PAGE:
IRAN: Khatami says protesters won’t back down

(Jeffrey Fleishman – Babylon & Beyond | Los Angeles Times | 11 October 2009) – Former Iranian President Mohammad Khatami has posted a strong declaration on his website that the protest movement in Iran will not die despite violent crackdowns by the military and police. Read the rest of this entry »

Iran’s Revolutionary Guards Showing Who’s Boss

Iran’s hard men purge opponents and line their pockets

(The Economist | Aug 27th 2009) - BACK in 2007 the commander of the Islamic Revolutionary Guards Corps (IRGC) announced an important change of mission. From now on the main task for his 120,000 guards, as well as for the 3m or so members of the baseej paramilitary volunteer force that had just, and for the first time, been placed formally under his command, would be to deal with what he called internal threats. Just what he meant has grown increasingly clear since the disputed presidential elections in June that returned Mahmoud Ahmadinejad, an ex-guardsman, to power. The hardline faction centred on the IRGC embraces a network of former officers and like-minded men in other security branches. Despite outrage over the post-electoral crackdown, this faction has escalated its offensive against dissent even as it consolidates its hold over Iran’s politics and economy.

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Ahmadinejad Wants Opposition Tried

(AP Tehran | New York Times | 28 August 2009) – President Mahmoud Ahmadinejad on Friday called for the leaders of the opposition to be prosecuted over Iran’s postelection turmoil, stepping up pressure against the pro-reform movement that says he won the election by fraud. Read the rest of this entry »

Iran’s Presidential Election Shifts Its National Politics

Hamid Dabashi, professor of Iranian Studies and Comparative Literature at Columbia University, talks with Steve Inskeep about the political shifts in Iran.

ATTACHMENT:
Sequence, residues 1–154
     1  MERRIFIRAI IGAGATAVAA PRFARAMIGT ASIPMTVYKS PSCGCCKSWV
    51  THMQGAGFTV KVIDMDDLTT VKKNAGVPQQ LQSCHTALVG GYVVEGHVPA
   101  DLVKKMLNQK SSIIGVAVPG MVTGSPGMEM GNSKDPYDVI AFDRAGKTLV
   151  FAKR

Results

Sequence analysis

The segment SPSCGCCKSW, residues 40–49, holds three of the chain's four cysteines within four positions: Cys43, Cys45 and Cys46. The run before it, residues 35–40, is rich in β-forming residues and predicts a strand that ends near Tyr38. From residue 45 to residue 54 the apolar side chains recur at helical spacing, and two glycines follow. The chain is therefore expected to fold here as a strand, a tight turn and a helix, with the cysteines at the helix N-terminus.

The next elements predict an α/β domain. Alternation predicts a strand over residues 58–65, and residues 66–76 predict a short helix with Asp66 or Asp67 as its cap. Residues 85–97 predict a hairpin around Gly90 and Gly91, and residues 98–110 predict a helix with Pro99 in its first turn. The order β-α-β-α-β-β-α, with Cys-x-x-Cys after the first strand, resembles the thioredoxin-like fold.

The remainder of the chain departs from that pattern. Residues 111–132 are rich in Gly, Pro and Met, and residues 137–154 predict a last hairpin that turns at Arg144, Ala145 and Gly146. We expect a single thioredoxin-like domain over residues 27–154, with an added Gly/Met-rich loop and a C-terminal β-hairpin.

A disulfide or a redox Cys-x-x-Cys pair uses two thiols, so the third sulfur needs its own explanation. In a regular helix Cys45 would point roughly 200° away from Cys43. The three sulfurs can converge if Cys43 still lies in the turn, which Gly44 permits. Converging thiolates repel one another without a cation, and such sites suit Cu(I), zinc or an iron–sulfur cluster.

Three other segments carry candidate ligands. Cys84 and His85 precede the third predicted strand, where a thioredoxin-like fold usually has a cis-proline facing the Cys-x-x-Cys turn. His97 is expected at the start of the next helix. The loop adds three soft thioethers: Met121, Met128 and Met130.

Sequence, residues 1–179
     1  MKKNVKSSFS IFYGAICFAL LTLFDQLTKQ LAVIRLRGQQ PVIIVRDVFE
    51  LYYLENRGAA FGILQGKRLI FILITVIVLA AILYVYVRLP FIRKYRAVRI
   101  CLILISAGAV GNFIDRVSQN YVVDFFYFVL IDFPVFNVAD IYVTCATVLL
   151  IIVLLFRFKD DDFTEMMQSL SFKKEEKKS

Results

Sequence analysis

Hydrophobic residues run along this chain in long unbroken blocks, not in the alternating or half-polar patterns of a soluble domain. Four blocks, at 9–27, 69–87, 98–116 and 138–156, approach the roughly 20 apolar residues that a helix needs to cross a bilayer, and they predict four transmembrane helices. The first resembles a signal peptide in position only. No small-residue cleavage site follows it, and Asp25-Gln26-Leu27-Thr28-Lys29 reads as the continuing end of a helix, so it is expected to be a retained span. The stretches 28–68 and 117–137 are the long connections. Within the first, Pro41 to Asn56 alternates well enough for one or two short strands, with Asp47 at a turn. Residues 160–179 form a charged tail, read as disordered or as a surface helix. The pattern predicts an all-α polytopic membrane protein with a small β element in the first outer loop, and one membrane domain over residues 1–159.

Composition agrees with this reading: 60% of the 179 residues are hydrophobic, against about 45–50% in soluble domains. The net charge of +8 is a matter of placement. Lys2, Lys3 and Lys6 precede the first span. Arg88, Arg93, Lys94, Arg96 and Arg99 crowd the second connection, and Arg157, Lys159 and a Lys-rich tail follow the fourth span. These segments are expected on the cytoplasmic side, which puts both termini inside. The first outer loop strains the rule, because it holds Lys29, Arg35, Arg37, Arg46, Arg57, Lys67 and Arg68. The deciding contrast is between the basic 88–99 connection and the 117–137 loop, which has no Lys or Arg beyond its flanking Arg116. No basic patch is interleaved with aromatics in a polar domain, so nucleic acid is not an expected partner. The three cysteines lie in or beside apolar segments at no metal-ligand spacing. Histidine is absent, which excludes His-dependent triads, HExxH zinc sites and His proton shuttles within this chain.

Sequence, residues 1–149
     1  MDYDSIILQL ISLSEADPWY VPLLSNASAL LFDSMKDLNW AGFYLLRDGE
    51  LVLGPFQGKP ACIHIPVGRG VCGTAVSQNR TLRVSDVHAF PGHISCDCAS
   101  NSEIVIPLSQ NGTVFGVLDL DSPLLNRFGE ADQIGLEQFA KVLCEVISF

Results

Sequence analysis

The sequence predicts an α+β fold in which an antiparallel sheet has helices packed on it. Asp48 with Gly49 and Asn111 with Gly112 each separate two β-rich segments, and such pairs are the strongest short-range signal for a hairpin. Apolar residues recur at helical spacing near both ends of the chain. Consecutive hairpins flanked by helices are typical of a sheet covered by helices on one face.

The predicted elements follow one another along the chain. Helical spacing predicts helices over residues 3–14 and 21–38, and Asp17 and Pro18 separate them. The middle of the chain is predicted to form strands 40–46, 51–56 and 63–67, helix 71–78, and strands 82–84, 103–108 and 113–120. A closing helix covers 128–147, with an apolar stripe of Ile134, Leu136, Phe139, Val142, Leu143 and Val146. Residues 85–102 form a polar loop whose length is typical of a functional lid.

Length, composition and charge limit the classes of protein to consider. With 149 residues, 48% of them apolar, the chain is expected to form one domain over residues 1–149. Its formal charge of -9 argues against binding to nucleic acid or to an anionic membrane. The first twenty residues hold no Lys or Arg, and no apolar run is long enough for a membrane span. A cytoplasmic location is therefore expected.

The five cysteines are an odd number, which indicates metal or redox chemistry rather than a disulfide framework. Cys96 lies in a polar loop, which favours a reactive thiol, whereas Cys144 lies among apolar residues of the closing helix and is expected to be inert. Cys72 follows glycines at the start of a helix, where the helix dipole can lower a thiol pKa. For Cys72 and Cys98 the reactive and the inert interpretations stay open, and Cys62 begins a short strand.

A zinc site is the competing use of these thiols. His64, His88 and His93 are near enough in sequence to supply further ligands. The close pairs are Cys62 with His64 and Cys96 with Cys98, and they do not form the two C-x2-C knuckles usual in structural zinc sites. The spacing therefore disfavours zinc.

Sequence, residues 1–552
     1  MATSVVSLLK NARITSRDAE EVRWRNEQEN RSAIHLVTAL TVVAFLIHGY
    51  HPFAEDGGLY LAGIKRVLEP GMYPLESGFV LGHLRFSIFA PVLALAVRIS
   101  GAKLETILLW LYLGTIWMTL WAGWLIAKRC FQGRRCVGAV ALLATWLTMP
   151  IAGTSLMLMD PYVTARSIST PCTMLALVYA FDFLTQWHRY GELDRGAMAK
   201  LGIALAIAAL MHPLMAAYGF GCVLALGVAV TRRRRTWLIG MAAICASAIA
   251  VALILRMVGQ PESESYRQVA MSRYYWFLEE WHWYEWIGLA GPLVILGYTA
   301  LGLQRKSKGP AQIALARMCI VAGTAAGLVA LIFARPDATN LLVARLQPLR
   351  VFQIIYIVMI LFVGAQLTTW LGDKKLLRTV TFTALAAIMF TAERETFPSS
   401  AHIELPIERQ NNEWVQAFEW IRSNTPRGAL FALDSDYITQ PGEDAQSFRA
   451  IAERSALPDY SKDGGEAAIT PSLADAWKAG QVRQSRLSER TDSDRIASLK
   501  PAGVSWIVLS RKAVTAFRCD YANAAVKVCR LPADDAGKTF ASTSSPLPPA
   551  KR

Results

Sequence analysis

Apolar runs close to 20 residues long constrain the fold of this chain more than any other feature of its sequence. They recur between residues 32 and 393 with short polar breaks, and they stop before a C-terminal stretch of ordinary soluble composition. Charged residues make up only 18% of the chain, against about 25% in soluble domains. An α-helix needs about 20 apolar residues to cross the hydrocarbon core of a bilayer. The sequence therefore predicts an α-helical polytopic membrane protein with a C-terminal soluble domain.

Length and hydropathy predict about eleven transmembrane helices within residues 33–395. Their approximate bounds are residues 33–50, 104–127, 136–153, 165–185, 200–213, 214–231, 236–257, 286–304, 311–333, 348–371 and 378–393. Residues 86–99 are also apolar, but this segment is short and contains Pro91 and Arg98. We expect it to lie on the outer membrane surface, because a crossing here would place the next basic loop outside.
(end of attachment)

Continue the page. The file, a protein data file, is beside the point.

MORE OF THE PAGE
(NPR | Morning Edition | 27 August 2009) – Morning Edition has focused this week on Iran’s nuclear ambitions and what they mean for U.S. policy. Iran’s presidential election two and a half months ago threw the country into turmoil. The fallout could change how Iran proceeds with its nuclear program, and how it approaches negotiations with the West. Hamid Dabashi, professor of Iranian Studies and Comparative Literature at Columbia University, talks with Steve Inskeep about the political shifts in Iran.  (Listen to the program) Read the rest of this entry »

Filed Under (2009 Election, Articles, human rights) by admin2 on 25-04-2007

Top Iran reform figures on trial

The trial has begun in Iran of a number of senior opposition figures following June’s disputed presidential election.

(BBC | 25 August 2009) - The defendants, who include former ministers in the 1997-2005 Khatami government, are accused of conspiring with foreign powers to organise unrest. Read the rest of this entry »

The Confession:  Ebrahim Nabavi as Mohsen Sazgar

In this video, Ebrahim Nabavi pretends to be Mohsen Sazgara, an opposition leader currently exiled in Washington D.C., as he “confesses” to his crimes against the state.  Nabavi is an Iranian political satirist and former writer for many reformist newspapers.  He is critical of the current regime in Iran.

Several years ago, Nabavi was accused of disgracing the supreme leader and sent to Evin prison. He was then made to “confess” on Iranian TV that he had received money from foreign countries and planned a Velvet Revolution. He was able to eventually leave Iran, and is currently exiled in Belgium.

Mousavi reportedly will launch political party in Iran

Opposition candidate’s supporters describe plans in a reformist newspaper. Iranian officials release a jailed European journalist and a lawyer says a British Embassy worker will be freed soon.

By Borzou Daragahi – Published July 6, 2009 for the Los Angeles Time

Reporting from Beirut — The top figure of Iran’s nascent political reform movement, opposition presidential candidate Mir-Hossein Mousavi, will launch a political party to pursue his goals, a reformist newspaper reported Sunday. Read the rest of this entry »